'History Wars' and Reconciliation in Japan and Korea: The Roles of Historians, Artists and Activists

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Michael Lewis
Palgrave Macmillan US, 15.11.2016 - 201 Seiten

This book provides a fresh approach to understanding the origins and possible future direction of the Northeast Asia “history wars.” Leading scholars in history, literary studies, and education present the complex issue in a historical context by assessing its political and cultural dimensions, particularly with regards to relations between Japan and Korea. Their essays also touch on the significance of civil society efforts to advance peaceful reconciliation and the social and political forces that have worked to frustrate such efforts since 1945. At its core, this volume explores the political significance in the gap between Korean and Japanese civil society versus governmental efforts to resolve issues lingering from the Pacific War in Asia; the significance of cultural as well as political efforts to understanding historical and contemporary relations among Northeast Asian neighboring states; and specific factors—such as textbook reform, revised school curricula, and civil society education efforts— that are working to ameliorate the heretofore deadlocked “history wars.”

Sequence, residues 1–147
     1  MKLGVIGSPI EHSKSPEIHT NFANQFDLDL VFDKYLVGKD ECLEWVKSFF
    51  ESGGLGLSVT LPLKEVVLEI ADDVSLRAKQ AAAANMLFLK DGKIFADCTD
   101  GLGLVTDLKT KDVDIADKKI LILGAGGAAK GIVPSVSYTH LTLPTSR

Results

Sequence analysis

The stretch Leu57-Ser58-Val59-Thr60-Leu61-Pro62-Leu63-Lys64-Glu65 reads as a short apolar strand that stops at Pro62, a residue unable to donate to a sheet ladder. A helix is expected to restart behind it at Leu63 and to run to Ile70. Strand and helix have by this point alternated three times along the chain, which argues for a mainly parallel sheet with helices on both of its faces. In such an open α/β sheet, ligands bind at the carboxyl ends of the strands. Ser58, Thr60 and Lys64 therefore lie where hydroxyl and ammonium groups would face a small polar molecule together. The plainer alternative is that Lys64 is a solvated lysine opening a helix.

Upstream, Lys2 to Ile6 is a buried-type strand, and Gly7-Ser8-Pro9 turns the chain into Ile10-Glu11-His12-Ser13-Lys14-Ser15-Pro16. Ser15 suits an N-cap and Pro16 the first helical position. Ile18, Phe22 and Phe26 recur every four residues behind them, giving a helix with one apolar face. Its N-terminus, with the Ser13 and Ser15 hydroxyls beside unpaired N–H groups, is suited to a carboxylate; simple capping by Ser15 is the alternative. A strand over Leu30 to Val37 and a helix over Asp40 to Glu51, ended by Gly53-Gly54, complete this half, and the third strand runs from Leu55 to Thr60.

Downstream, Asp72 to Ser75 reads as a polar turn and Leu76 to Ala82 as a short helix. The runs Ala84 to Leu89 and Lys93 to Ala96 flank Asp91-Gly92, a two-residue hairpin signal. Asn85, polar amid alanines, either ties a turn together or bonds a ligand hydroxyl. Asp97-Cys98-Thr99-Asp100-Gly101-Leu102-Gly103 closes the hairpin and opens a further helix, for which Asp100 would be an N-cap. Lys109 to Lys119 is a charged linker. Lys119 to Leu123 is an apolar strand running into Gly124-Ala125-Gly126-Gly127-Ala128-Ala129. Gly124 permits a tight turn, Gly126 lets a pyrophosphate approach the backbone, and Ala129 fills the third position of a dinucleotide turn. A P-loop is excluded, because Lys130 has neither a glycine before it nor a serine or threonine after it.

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Über den Autor (2016)

Michael Lewis is Professor in the Department of Japanese Studies at the University of Sydney, Australia. He is a historian of modern Japan and its influence on modern East Asian societies and politics. He has written major studies of mass protests in Japan and popular movements for and against the prewar Japanese empire.

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